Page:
From ‘vulnerable’ to ‘comfortable’: How parents can share Baby’s birth experience
To help parents to think about what their baby experiences at birth, I often ask them to do the following exercise: ‘Imagine you are forcibly removed from a warm bed on a cold night. You are stripped, your teeth are removed and you are forced down a narrow tube. At the other end you are in a cold, bright, noisy room full of strangers. How are you feeling? and what do you want?’ The answers they normally give are ‘vulnerable’ and ‘comfort’, respectively.
The exercise normally takes place at the beginning of one of my antenatal sessions, which are about a baby’s emotional development. Most parents do not realise that, just like with the stages of physical development, there is a corresponding process going on emotionally. Getting parents to empathise with their baby before it is born gives them - both Parent and Baby - a head-start in helping this process to evolve. The baby does not wait until birth to begin this process – it starts in utero.
Whilst some parents are incredulous at this prospect, others have embraced it and have been reading bedtime stories to the baby from halfway through their pregnancy.
The baby is very good at ‘reading’ emotional tone. As hearing develops from about 20 weeks, the baby can hear the tones going on around their mum, and from this they get a sense of what to expect when they are born. So, already the baby will be feeling either delight or dread at the prospect, and this affects their emotional development for better or worse.
The exercise referred to at the start of this article is meant to help parents with their first job on the emotional regulation ‘to do’ list - to help their newborn settle from a state of vulnerability to one of comfort. This emotional regulation forms the foundation for the relationship you have with your baby, which in turn informs the type of attachment they have with you. Secure attachment is associated with easy transition through feeding, weaning and toileting; strong peer relationships; doing well at school, and positive mental health into adulthood.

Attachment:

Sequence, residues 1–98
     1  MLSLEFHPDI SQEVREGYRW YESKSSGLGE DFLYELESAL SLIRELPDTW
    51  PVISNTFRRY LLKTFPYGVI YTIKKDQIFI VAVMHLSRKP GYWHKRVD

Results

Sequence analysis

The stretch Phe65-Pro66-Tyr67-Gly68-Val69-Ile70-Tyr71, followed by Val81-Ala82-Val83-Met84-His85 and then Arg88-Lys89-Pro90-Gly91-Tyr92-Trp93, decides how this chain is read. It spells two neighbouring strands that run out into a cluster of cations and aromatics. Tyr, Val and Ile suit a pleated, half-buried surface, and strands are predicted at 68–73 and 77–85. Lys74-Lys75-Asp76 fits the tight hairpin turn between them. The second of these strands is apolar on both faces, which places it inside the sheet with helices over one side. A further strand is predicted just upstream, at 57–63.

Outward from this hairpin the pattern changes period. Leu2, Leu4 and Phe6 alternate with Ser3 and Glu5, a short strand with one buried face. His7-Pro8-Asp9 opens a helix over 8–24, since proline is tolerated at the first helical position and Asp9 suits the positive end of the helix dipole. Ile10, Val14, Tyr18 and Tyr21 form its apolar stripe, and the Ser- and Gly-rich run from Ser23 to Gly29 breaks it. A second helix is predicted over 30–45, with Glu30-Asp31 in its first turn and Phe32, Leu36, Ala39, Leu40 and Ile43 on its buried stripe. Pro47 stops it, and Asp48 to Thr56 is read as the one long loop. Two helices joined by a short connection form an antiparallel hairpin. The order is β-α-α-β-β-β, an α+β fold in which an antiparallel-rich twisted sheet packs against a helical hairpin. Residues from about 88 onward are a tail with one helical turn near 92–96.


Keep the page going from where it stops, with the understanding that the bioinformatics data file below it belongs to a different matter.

So, you can start early to have great emotional outcomes for your baby, and these are just as important as the physical ones. Indeed, everyone benefits from good emotional as well as physical health.
The Attachment Parenting movement, which began in the USA and has more recently moved to our shores, has this at the centre of its approach. It advocates baby-led parenting and includes breastfeeding, baby-wearing (in slings) and co-sleeping in order to promote a secure attachment. Whilst these practices do help, they are not for everyone and, indeed, they can be overdone. Initially, they can help a baby with their emotional regulation; but after the first few months, when you and your baby have got to know each other, your interactions will become more reciprocal.
You can become a bit less baby-led and negotiate a bit more agency for yourself in the relationship. After all, a child whose needs are continually prioritised may not learn some basic life skills that they will need for school, such as waiting, not always being first, and fitting in with others. These skills will serve them better in the big wide world than learning that they always get what they want!
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